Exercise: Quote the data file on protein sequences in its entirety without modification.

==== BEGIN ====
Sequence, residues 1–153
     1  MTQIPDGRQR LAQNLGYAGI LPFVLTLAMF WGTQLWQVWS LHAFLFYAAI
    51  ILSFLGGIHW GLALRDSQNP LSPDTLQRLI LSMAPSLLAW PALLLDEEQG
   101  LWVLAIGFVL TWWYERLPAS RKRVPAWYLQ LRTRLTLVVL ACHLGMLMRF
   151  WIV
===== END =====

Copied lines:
Sequence, residues 1–153
     1  MTQIPDGRQR LAQNLGYAGI LPFVLTLAMF WGTQLWQVWS LHAFLFYAAI
    51  ILSFLGGIHW GLALRDSQNP LSPDTLQRLI LSMAPSLLAW PALLLDEEQG
   101  LWVLAIGFVL TWWYERLPAS RKRVPAWYLQ LRTRLTLVVL ACHLGMLMRF
   151  WIV